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NASA delays Mars mission by two years

Mars Science Laboratory spacecraft. Photo credit: NASA

WASHINGTON (BNS): The launch of NASA's Mars Science Laboratory to find out if the red planet can support life has been put off by two years.

The mission that will send a next-generation rover with unprecedented research tools to study the early environmental history of Mars, will now set off in 2011.

The earlier launch date of October 2009 is no longer feasible as testing and hardware challenges need to be addressed to ensure success of the mission, according to NASA.

The delay means an additional expenditure of $400 million to the already over-budget project. "The relative positions of Earth and Mars are favourable for flights to Mars only a few weeks every two years. The next launch opportunity after 2009 is in 2011," Mission managers said.

Doug McCuistion, director of the Mars Exploration Programme at NASA headquarters here, said the launch date has been changed to fully test the mission's complex flight systems.

"Up to this point, efforts have been focused on launching next year, both to begin the exciting science and because the delay will increase taxpayers' investment in the mission. However, we've reached the point where we cannot condense the schedule further without compromising vital testing," he said.

Scientists at NASA said the Mars Science Laboratory team recently completed an assessment of the progress made in the past three months. Based on that, it was decided to change the launch date.

"Despite exhaustive work in multiple shifts by a dedicated team, the progress in recent weeks has not come fast enough on solving technical challenges and pulling hardware together," said Charles Elachi, director of NASA's Jet Propulsion Laboratory in Pasadena, California. "The right and smart course now for a successful mission is to launch in 2011”.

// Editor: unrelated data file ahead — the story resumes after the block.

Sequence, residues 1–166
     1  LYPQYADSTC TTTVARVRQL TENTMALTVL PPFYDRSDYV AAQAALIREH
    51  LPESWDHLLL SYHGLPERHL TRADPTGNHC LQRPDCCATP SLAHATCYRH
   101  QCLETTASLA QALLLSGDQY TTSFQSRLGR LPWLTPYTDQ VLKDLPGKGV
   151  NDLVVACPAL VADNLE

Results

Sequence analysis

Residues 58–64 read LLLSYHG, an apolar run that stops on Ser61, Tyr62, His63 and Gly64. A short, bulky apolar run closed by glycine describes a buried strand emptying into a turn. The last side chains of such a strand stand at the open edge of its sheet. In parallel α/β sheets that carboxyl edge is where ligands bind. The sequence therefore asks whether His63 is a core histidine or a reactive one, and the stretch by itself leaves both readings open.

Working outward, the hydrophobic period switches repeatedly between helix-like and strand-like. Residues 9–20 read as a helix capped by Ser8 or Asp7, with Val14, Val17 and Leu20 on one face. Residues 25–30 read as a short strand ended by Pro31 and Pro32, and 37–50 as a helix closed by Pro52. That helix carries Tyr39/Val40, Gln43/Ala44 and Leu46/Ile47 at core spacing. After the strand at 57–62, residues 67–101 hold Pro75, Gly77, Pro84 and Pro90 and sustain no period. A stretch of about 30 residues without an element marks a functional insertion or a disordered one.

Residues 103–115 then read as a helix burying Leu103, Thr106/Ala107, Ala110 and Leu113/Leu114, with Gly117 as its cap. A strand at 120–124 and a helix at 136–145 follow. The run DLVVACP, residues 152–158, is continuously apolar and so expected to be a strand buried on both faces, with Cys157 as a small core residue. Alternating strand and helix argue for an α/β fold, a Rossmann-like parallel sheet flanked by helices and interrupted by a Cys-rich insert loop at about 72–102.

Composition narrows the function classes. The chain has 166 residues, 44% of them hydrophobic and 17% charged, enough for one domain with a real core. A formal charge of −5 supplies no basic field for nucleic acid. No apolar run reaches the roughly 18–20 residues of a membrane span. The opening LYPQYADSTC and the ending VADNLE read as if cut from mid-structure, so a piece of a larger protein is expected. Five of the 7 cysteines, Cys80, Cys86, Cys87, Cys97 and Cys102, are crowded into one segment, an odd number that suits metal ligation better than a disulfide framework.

Giving details about the advanced rover, the space agency said it was one of the most technologically challenging interplanetary missions ever designed. "It will use new technologies to adjust its flight while descending through the Martian atmosphere, and to set the rover on the surface by lowering it on a tether from a hovering descent stage”.

Research instruments make up a science payload 10 times the mass of instruments on NASA's Spirit and Opportunity Mars rovers.

"The Mars Science Laboratory is engineered to drive longer distances over rougher terrain than previous rovers. It will employ a new surface propulsion system”.

“Rigorous testing of components and systems is essential to develop such a complex mission and prepare it for launch. Tests during the middle phases of development resulted in decisions to re-engineer key parts of the spacecraft," Mission managers said.

"Costs and schedules are taken very seriously on any science mission, however, when it's all said and done, the passing grade is mission success," said Ed Weiler, associate administrator for NASA's Science Mission Directorate at NASA headquarters.

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